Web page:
1884, Delaware Bend, Texas
ey, Mercy, come see this!” Big Jim McMahon called from the swinging doors of the Red River Saloon.
Theodore Lafayette Huntingdon Jr. glanced up.
Lots of folks out West used a “summer name” instead of a birth name. But he hadn't come up with an alias quick enough, so he'd been given one and it'd stuck.
“Now that'd sure make a fine painting.” Big Jim crossed muscular arms across his broad chest as he stared outside over the top of the doors.
Mercy sat at a round table by a front window where he could take advantage of the early morning light. He'd been sketching across white paper as he laid out the design for an oil painting that Big Jim had commissioned to hang over the Red River's legendary bar.
“Get over here or you'll be cussing and damning for days 'cause you missed her entrance.” Big Jim pointed outside.
Big Jim appeared shocked. “You never heard of Texas Belle?”
“Afraid not.” He picked up his whiskey and tossed back a shot. “Are you going to enlighten me?”
Big Jim shook his fair head. “You got to see for yourself.”
Mercy set down his piece of charcoal and stood up. He glanced around the saloon. Several men were hunched over cards playing poker at a back table. A drifter was bellied up to the bar. Most patrons had left for some shut-eye about the time he'd arrived a couple of hours ago.
He pushed open the swinging doors, stepped outside onto the boardwalk, and heard Big Jim follow. As far as he could tell, it was another quiet morning after a wild night in the Bend. The place was infamous as one of the three wildest towns in the West, along with Tombstone, Arizona, and Leadville, Colorado. And for good reason. Outlaws made it a favorite watering hole since they could quickly ride north across the Red River into the safety of Indian Territory ahead of Texas Rangers and other lawmen. Independents, mavericks, adventurers, and folks wanting new lives were drawn here, too, along with cowboys, farmers, gunslingers, and cardsharps.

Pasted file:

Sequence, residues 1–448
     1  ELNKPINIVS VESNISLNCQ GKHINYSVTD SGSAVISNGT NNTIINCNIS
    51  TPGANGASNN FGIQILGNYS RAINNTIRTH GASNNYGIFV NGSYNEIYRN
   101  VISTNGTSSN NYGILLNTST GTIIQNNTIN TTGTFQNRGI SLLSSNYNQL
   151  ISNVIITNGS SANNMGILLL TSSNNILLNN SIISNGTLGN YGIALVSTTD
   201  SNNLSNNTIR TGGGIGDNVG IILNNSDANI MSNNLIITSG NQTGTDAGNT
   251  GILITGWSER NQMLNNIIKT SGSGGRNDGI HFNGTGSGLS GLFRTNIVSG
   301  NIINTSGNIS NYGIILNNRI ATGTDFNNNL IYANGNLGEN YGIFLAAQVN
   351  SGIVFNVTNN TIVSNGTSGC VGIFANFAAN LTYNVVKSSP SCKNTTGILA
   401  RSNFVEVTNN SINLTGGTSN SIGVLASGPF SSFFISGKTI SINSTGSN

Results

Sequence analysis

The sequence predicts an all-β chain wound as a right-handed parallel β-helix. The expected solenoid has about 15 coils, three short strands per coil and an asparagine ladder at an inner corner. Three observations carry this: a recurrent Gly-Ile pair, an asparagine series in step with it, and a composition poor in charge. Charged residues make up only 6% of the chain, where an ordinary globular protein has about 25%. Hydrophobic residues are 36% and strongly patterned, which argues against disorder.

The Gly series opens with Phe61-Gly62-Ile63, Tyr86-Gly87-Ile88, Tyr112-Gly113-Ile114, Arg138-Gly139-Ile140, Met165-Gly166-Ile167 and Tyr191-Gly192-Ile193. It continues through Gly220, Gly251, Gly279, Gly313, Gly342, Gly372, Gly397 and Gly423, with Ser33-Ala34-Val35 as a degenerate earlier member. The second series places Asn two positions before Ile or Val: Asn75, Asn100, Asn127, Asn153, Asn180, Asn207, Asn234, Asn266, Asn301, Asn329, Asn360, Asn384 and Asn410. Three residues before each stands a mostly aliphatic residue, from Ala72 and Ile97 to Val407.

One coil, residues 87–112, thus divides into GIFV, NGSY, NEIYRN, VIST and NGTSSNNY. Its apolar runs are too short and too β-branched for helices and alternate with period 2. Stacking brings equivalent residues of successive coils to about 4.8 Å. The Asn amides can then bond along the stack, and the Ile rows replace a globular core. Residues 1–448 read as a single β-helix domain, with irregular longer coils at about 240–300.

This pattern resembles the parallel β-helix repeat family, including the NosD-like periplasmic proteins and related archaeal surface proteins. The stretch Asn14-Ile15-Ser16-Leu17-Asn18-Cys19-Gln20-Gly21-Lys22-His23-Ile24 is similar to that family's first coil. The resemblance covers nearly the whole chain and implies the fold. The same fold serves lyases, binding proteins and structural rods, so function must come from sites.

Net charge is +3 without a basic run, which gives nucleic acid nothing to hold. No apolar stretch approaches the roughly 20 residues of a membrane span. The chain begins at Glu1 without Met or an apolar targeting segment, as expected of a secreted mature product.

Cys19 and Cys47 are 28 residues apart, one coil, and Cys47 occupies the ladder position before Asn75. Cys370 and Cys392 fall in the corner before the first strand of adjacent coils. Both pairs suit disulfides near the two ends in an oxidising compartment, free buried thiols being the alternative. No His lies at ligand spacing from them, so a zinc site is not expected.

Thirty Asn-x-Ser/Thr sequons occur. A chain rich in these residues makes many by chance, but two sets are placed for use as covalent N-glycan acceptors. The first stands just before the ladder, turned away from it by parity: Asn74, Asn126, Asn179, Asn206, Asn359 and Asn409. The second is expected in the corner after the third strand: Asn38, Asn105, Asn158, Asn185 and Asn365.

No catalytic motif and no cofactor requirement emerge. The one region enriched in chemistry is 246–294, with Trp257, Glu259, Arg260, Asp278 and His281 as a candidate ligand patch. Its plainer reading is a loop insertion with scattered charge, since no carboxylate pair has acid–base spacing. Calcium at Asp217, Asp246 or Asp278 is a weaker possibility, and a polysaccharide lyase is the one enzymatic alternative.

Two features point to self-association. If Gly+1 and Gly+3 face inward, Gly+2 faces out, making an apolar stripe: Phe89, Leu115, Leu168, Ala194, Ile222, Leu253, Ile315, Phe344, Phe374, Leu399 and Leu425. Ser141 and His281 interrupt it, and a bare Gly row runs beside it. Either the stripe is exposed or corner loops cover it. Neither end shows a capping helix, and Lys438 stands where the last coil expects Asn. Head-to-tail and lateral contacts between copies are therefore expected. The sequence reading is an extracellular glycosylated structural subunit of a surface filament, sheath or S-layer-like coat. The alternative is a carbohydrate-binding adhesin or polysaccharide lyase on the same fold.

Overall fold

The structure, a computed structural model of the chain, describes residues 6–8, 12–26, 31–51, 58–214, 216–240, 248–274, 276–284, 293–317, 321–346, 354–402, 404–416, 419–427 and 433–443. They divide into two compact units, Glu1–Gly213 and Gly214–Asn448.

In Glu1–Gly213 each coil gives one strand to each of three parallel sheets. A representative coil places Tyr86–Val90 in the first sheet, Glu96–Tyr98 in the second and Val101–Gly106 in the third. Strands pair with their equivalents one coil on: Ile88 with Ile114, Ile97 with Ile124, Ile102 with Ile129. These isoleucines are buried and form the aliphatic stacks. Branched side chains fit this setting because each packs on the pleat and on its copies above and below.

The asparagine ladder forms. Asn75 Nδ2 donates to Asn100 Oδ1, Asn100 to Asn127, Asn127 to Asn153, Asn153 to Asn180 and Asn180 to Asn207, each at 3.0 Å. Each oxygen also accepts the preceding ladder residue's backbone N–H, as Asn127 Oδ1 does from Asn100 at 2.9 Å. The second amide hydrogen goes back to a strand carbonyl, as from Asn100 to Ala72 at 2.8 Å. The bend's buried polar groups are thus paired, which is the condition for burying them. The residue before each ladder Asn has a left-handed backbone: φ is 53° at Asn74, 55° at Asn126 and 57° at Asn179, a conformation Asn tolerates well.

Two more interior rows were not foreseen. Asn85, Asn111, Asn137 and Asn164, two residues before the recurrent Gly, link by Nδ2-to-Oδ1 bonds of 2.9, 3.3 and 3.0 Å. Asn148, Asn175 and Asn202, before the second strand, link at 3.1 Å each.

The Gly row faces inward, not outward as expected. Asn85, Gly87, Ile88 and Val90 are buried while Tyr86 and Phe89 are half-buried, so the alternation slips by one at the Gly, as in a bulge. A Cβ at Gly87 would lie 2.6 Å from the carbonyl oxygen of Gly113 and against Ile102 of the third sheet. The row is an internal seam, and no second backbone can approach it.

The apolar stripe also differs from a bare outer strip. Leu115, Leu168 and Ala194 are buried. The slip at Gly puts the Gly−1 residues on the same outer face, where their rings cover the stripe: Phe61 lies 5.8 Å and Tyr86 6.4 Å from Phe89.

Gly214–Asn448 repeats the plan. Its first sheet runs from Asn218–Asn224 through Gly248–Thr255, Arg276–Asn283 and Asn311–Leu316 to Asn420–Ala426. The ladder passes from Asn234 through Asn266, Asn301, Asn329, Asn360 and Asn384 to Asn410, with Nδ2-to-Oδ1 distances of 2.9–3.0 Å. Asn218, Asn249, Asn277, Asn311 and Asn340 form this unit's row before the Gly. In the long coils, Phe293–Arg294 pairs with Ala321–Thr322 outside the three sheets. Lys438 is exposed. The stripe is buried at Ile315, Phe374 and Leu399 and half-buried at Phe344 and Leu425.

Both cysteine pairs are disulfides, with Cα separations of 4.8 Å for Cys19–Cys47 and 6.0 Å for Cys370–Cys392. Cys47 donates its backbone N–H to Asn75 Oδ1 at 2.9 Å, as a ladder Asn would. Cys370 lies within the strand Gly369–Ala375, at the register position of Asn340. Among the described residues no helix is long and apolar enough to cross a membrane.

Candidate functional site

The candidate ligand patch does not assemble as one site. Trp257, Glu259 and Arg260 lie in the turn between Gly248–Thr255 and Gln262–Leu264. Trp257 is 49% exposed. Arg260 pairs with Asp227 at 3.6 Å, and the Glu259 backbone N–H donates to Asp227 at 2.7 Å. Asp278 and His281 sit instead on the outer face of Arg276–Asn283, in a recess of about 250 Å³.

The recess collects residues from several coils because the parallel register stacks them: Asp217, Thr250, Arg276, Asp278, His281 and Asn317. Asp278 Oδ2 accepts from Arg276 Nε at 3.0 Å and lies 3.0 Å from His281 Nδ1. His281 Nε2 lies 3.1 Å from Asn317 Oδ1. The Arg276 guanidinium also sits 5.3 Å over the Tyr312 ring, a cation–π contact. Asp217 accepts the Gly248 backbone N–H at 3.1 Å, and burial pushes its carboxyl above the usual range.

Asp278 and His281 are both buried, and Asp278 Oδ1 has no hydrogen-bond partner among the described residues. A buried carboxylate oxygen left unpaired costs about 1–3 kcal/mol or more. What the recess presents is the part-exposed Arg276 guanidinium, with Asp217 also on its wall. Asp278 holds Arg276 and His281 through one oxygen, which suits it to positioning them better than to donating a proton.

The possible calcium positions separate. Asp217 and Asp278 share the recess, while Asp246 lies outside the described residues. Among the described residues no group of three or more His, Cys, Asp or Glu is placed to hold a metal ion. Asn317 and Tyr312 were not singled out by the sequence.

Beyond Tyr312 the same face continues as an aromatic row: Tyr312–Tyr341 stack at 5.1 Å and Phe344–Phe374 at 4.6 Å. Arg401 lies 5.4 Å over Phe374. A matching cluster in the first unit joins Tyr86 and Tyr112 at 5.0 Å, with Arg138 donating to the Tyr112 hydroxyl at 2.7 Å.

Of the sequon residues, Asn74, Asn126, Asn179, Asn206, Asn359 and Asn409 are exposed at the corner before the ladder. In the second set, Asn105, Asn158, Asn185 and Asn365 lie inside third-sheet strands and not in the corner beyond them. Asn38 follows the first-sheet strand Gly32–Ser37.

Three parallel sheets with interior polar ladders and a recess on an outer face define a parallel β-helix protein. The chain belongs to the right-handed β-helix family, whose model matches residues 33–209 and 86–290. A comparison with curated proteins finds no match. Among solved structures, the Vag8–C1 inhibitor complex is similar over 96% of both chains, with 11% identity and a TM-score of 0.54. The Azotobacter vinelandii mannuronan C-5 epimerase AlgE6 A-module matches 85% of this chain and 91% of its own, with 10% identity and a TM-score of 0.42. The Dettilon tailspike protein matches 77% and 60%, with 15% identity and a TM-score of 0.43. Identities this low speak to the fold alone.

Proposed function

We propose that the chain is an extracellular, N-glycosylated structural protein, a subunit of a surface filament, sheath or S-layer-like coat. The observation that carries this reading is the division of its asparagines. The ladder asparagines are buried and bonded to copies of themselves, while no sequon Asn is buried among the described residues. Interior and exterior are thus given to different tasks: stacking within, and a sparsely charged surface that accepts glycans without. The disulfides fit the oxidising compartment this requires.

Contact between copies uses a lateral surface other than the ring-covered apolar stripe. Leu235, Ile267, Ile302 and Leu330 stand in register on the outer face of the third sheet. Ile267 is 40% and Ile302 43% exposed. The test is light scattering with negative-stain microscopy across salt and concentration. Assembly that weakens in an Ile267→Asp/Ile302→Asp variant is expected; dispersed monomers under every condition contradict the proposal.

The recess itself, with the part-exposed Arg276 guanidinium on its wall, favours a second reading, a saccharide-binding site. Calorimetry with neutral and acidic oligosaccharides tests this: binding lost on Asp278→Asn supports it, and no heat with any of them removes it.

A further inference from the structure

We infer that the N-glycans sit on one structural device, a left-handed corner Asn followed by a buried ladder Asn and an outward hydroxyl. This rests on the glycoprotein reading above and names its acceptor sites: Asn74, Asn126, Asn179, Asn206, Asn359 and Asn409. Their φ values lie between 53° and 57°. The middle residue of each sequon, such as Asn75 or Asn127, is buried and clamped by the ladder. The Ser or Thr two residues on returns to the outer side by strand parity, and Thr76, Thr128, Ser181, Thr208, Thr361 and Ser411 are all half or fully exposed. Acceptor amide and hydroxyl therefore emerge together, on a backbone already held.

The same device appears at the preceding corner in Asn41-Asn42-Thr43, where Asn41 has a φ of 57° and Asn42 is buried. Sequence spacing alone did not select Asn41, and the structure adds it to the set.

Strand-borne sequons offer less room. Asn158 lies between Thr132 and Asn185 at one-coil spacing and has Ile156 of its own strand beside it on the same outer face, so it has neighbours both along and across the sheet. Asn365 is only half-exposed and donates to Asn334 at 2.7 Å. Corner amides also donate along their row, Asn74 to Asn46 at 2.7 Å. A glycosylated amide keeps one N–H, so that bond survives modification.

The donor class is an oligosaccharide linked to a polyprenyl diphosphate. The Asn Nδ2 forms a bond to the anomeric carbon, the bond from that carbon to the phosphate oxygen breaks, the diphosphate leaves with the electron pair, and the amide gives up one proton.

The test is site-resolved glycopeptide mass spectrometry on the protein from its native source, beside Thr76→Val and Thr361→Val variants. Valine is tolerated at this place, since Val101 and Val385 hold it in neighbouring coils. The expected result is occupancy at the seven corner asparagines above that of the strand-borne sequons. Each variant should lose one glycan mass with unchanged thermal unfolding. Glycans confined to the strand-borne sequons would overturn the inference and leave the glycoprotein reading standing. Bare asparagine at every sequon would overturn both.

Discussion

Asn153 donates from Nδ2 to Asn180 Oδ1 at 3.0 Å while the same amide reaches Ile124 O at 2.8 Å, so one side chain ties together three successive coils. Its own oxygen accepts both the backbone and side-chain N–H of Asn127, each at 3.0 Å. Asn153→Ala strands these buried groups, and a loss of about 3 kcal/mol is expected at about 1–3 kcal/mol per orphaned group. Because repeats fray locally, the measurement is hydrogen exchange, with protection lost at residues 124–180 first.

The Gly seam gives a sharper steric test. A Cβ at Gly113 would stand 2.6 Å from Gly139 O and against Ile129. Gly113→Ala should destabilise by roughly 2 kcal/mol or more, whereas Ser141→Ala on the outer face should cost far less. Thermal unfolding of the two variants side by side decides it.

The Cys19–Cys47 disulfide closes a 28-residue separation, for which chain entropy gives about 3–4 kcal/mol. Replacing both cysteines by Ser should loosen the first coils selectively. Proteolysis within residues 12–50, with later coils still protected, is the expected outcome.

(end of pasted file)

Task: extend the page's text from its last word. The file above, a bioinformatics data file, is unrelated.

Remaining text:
He'd been raised a gentleman, but one day he'd scrawled “G.T.T.”, meaning “Gone to Texas,” on his front door like so many others across the country and set out for new territory.
As he looked down Main Street toward the Red River, he noticed that Manny's Livery Stable, Adler Emporium, Mama Lou's CafÃ©, and the Lone Star Hotel were open. A few men and women traipsed in and out of stores as they went about their business.
Nothing moved down the dusty street except a lone rider on a flashy horse, a honey chestnut with flaxen mane and tail. Silver filigree on the black leather of bridle and saddle glinted in the sunlight.